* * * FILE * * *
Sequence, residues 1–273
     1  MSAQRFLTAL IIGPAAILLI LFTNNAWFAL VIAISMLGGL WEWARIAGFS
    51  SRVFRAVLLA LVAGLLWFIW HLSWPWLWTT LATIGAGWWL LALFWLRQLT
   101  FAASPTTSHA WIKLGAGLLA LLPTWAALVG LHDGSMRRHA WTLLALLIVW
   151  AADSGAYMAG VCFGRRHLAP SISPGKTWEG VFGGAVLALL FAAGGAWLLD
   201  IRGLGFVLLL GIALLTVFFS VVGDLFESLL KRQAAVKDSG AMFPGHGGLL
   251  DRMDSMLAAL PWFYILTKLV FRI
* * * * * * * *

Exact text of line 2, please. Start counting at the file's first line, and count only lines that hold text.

     1  MSAQRFLTAL IIGPAAILLI LFTNNAWFAL VIAISMLGGL WEWARIAGFS